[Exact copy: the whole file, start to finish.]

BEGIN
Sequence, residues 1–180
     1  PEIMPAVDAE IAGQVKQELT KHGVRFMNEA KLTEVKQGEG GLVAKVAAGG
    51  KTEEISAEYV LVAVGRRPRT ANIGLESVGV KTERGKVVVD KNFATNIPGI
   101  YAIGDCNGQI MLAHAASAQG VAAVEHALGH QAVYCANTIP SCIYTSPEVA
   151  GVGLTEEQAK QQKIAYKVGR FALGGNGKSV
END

Sequence, residues 1–180
     1  PEIMPAVDAE IAGQVKQELT KHGVRFMNEA KLTEVKQGEG GLVAKVAAGG
    51  KTEEISAEYV LVAVGRRPRT ANIGLESVGV KTERGKVVVD KNFATNIPGI
   101  YAIGDCNGQI MLAHAASAQG VAAVEHALGH QAVYCANTIP SCIYTSPEVA
   151  GVGLTEEQAK QQKIAYKVGR FALGGNGKSV